WHY CHRIST OUR HOPE?
Our story is rooted in the tiny African nation of Rwanda: it is our “birth family.” If there’s anything that could be said of the Anglican Church of Rwanda, it is a message of hope through the Gospel of Jesus Christ. (For further reading about this story, consider Never Silent, by Bishop Thad Barnum, Left to Tell, by Immaculee Ilibagiza, and As We Forgive, by Catherine Claire Larson.)
In 2015, when the Bishops of the Church of Rwanda guided us to form a diocese within the ACNA (as described in “Our Heritage”), we began to pray about a name that would express our story, our calling, and heart. Over the course of several months, “Christ our Hope” emerged as the name that aptly expresses our identity and inspires us to be who we are called to be.
In 1 Peter 1:3 we read that we are “born again to a living hope.” Just as surely as you have inherited brown eyes from your parents, or your particular skin color, Christians are “genetically stamped” with hope. Why? The center of human history is secure. Jesus Christ has been raised from the dead. Death, darkness, hate, injustice, and destruction delivered their deadliest collective blow, but in an instant they evaporated like the morning mist in the face of the power of the life and love of God poured out through Jesus. By faith in him, each of us is a new creation (2 Corinthians 5:17), alive to God and dead to sin (Romans 6: 1-14). Jesus is the Pioneer and Captain of our eternal future in which we are raised from the dead ourselves! Hope is in our spiritual DNA.
Christian hope is not wishful thinking. It is living today in light of the future promised to us in Christ – letting our future realities bleed back into our present experience. Usually we do the opposite: we “bleed” our present experiences into the future (“this is how it will be forever”), but a people of hope move in the opposite direction. Every command of God becomes a possibility for life today. Every declaration of God is a statement of promise. Every promise of God is “yes” and “amen” in Christ Jesus.
How does hope actually operate in our souls? Hebrews 6:18-20 offers a compelling image. We read that Jesus has gone before us into heaven, representing us (presenting us) before the throne of God. (Read Zechariah 3:1-6 for an astonishing vision of what actually is happening as Jesus advocates for us before the Father.) The knowledge that we are accepted by God through Christ, welcomed by God because the perfect Son of God brings us to him, is the essence of all hope. This “hope laid up for us in heaven” (Colossians 1:5) operates as an anchor for our souls. It holds us safe in the storms of life.
But there is an important addition to the image: hope is not only that steady, fixed anchor – it is an anchor line that enters into the presence of God. Hope enters in and pulls us toward reality (Hebrews 6: 19). Christian hope operates like a winch line to pull us toward heavenly, eternal truths. If you’ve ever been stuck in mud, snow, and ice, you won’t forget the sheer joy of having someone come along with a winch (or maybe you had one on your own vehicle). Remember that wonderful sight of the winch line tied secure to a boulder or tree, and the beautiful hum of the motor once the switch is flipped. The line slowly, steadily grows taut, and lo and behold! your car starts to move out danger.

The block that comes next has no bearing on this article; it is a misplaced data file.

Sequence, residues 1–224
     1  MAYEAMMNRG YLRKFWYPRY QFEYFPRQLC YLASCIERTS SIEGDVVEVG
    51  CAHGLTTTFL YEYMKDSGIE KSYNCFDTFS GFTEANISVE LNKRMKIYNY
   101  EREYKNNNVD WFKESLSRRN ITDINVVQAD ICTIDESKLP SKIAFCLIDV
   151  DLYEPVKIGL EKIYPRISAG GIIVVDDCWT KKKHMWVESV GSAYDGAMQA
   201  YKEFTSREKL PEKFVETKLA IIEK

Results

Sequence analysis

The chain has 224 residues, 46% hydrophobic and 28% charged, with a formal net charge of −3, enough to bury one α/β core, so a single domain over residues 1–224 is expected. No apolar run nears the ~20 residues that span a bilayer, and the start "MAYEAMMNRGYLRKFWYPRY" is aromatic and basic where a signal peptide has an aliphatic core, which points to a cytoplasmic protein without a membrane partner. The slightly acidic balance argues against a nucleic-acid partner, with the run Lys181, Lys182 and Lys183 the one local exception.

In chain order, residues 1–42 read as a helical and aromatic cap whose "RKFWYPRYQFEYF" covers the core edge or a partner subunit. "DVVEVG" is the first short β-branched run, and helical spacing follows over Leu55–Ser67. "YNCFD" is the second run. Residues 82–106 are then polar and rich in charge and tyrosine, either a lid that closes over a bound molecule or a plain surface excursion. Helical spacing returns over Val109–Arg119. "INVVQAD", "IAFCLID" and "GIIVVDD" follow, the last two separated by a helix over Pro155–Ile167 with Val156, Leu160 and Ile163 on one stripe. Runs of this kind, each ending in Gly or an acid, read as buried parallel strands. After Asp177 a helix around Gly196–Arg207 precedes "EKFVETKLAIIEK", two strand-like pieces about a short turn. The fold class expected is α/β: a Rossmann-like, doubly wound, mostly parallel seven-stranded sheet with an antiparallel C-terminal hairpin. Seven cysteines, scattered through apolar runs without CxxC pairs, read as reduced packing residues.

That’s how Christian hope works: it anchors us in the storms and waves, and it pulls us out of despair, fear, and confusion. It always draws us into the place where we know we are completely accepted by God, beloved by God, welcomed by God, and eternally safe in Jesus. In that place, there is no room for shame, doubt, and fear.
There are many specifics of Christian hope – every command, every declaration, every promise, constitutes a basis for hope. For example, range through the book of 1 Peter.
We have been given an inheritance of glory: 1:4-5. According to the life Jesus has shared with us, anything that can be deemed “suffering” will be swallowed up in glory like tears are swallowed by the ocean (1:11; 4:13).
We have an identity as God’s children (1:14-16). “You shall be holy” is not just a command: it is a promise. It is the determined plan of God through Jesus Christ and the work of the Spirit to present every Christian holy and blameless before the Father: Colossians 1:21-22. Let that hope pull you through seasons of temptation, accusation, and condemnation!
We have been included in a family: 1:22-23. We are offered the means of forgiveness, reconciliation, unity, and love. Our family displays the manifold grace and beauty of its Father. Such hope pulls us out of judmentalism, pride, blindness, and isolation.
We have been invited into intimacy with Jesus: 2:4-5. If he invites us, we can be sure we are welcome. “Draw near to God and . . . he WILL draw near to you.” We come to him as a family in worship together. By coming we are transformed together into a living temple of the Holy Spirit, a priesthood who can stand in the gap between God and the world. We can represent God to the world and represent the world in prayer to God. This is God’s will, God’s promise, God’s idea!
We are invested with a mission and purpose in life, to “proclaim the excellencies of him who called us out of darkness into his marvelous light:” 2:9-10. If the proclamation of hope worked in Peter’s world, under the reign of Nero, surely it works in our world as well. Such a hope pulls us like a winch line out of the despair of hopelessness and meaninglessness that hangs like a shadow around our souls and our society.
When we live as the people of hope, followers of Jesus can do amazing things to transform the culture for good. That’s the story of the church for 2000 years – people of hope for the sake of the world. And by God’s grace, that is and will be the story of the people and churches of the Diocese of Christ our Hope!